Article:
New Street Car Park, Leicester

About the project

Danaher & Walsh was appointed by the Diocese of Leicester via a negotiated procedure to carry out the rebuilding of a car park on New Street in the old quarter of Leicester, close to the city’s now world-famous Cathedral.

Key details

Diocese of Leicester
Project value
Autumn 2017

Key aims and challenges

This car park is of unique historical significance, as it is on the former site of Grey Friars Priory, the original burial place of King Richard III. The car park is adjacent to the council-owned car park on which the King’s remains were famously exhumed in 2012. In fact, the New Street car park was one of three possible sites originally identified for excavation by archaeologists from the outset of the project to locate the King’s remains. Our works took place just 30 metres from the King’s original resting place.

As a result, the works site itself is a Scheduled Ancient Monument and a restricted dig was enforced. Danaher & Walsh worked closely with the architects, Corporate Architecture, and University of Leicester Archaeological Services (ULAS) to ensure that excavation was carried out with due care for the historical significance of the site. ULAS observed the works to monitor for any potential areas of archaeological interest.

The actual works comprised full reconstruction of the existing car park. After careful excavation of the existing car park, Geogrid was installed, followed by installation and compaction of the sub-base. Surface water drainage infrastructure for the site was constructed and ducting installed. Plinths were constructed for street lighting columns and the car park barrier system, and kerbing was installed. The site was then surfaced and lined.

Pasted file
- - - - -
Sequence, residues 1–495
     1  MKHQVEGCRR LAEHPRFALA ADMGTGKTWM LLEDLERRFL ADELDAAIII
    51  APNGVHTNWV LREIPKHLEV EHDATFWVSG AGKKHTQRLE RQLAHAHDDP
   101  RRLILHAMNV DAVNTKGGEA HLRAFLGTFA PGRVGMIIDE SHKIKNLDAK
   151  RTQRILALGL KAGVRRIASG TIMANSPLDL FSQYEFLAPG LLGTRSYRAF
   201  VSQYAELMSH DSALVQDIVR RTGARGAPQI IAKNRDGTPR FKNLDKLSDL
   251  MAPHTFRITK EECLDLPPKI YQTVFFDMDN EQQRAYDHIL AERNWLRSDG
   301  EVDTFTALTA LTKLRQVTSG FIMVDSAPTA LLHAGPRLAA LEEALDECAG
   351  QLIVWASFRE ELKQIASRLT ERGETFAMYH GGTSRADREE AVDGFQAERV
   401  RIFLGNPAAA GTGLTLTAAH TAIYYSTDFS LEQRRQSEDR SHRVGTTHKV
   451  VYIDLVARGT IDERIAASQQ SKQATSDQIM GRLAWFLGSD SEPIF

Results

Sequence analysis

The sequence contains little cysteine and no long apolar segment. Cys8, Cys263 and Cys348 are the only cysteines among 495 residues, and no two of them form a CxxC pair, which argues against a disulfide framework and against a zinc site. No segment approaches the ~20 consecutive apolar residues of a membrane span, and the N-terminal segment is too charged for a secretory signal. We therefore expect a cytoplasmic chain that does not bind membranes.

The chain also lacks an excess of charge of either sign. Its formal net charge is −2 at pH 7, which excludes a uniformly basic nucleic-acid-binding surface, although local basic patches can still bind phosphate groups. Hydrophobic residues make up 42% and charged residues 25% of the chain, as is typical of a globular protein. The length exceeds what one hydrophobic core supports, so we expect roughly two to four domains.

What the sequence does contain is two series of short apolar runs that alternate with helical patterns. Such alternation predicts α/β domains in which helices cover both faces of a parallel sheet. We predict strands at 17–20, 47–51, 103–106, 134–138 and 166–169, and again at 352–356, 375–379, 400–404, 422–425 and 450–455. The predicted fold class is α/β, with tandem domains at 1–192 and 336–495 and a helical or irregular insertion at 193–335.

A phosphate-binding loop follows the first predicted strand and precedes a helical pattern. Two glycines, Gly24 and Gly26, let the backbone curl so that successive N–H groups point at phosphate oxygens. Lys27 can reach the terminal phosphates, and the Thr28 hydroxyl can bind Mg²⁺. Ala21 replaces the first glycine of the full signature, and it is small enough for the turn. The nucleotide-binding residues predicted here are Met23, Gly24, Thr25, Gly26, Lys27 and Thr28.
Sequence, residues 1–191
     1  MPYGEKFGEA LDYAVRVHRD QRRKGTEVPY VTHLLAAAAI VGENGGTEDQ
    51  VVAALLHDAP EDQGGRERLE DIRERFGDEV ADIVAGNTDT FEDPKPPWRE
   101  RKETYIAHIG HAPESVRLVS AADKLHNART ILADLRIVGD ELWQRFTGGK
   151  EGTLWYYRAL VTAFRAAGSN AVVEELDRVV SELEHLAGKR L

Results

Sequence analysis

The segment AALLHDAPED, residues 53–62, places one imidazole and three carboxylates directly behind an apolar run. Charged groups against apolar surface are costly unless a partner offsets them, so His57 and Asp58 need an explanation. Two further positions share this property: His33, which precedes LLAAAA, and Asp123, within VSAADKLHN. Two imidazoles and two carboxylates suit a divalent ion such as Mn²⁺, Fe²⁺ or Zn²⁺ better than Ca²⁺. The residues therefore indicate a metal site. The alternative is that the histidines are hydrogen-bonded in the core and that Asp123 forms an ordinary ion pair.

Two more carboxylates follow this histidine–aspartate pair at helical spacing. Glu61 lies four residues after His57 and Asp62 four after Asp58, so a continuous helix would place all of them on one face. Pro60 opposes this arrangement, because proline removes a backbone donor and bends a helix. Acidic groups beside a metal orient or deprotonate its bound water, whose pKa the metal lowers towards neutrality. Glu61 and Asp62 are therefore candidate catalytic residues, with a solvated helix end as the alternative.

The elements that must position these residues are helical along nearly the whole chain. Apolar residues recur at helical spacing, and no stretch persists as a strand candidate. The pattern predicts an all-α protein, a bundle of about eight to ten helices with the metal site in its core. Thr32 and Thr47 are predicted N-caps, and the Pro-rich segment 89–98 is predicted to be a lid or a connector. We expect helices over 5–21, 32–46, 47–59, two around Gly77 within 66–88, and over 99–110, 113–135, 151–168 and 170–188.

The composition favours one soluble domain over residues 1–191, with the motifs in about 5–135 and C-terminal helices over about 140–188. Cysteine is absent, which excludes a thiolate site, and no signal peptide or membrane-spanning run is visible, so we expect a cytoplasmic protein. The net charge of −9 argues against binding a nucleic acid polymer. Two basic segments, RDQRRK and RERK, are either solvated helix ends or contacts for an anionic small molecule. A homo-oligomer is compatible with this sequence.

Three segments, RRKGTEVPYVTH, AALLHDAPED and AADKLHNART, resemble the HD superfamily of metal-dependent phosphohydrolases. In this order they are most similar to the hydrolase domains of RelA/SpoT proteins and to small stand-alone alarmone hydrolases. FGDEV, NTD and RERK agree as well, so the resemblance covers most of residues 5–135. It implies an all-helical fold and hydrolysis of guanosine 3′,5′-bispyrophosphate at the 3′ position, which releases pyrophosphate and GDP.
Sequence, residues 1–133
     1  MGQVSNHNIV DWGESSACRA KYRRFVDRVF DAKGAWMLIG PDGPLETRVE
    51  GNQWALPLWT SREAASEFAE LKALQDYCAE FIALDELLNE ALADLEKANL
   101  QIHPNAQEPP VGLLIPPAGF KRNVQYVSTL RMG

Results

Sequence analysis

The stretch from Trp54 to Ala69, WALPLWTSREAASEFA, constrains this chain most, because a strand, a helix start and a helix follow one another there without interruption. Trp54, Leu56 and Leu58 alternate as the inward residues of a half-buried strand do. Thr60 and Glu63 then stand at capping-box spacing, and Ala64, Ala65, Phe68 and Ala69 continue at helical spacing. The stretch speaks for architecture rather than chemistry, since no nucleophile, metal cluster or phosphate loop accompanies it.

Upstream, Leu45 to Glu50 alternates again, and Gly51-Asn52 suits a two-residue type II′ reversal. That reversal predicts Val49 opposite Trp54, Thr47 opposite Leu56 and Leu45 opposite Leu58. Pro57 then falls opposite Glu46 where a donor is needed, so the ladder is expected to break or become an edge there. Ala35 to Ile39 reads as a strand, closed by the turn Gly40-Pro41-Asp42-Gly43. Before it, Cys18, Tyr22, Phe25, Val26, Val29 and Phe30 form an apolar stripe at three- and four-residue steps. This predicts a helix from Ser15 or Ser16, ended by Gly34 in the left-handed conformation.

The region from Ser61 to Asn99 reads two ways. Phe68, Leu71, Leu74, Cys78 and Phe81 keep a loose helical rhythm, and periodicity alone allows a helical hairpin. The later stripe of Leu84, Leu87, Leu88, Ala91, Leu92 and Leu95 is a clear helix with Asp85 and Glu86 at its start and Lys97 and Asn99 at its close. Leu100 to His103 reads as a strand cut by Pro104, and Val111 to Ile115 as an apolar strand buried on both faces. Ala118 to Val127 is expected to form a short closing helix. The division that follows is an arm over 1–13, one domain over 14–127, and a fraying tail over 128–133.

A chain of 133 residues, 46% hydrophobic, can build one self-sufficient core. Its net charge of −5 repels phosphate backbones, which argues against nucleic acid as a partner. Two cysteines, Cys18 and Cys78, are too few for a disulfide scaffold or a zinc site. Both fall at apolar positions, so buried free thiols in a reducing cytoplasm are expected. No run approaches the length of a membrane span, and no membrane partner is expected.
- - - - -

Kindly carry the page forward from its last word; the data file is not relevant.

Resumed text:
In a second visit, the lighting and automatic barrier system were installed and a decorative brick wall with palisade railings was constructed to the front of the site.

How did we do?

Danaher & Walsh utilised a crusher on site in order to recycle some of the excavated material. This was graded into suitable sub-base material to reuse, which resulted in less lorry loads required to tip and less lorry loads of imported material. Because of the site’s location down a narrow street in a busy city centre, this contributed significantly to the success of the scheme.